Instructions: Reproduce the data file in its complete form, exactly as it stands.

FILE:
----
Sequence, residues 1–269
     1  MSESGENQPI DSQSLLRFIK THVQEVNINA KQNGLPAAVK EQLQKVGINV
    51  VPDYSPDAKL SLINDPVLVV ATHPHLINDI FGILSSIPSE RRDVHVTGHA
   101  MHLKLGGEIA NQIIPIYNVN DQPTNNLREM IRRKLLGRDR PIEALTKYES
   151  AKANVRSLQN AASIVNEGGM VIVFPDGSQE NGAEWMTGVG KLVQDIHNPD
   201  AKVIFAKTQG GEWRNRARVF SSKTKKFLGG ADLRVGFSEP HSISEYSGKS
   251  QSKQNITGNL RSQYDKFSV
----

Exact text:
Sequence, residues 1–269
     1  MSESGENQPI DSQSLLRFIK THVQEVNINA KQNGLPAAVK EQLQKVGINV
    51  VPDYSPDAKL SLINDPVLVV ATHPHLINDI FGILSSIPSE RRDVHVTGHA
   101  MHLKLGGEIA NQIIPIYNVN DQPTNNLREM IRRKLLGRDR PIEALTKYES
   151  AKANVRSLQN AASIVNEGGM VIVFPDGSQE NGAEWMTGVG KLVQDIHNPD
   201  AKVIFAKTQG GEWRNRARVF SSKTKKFLGG ADLRVGFSEP HSISEYSGKS
   251  QSKQNITGNL RSQYDKFSV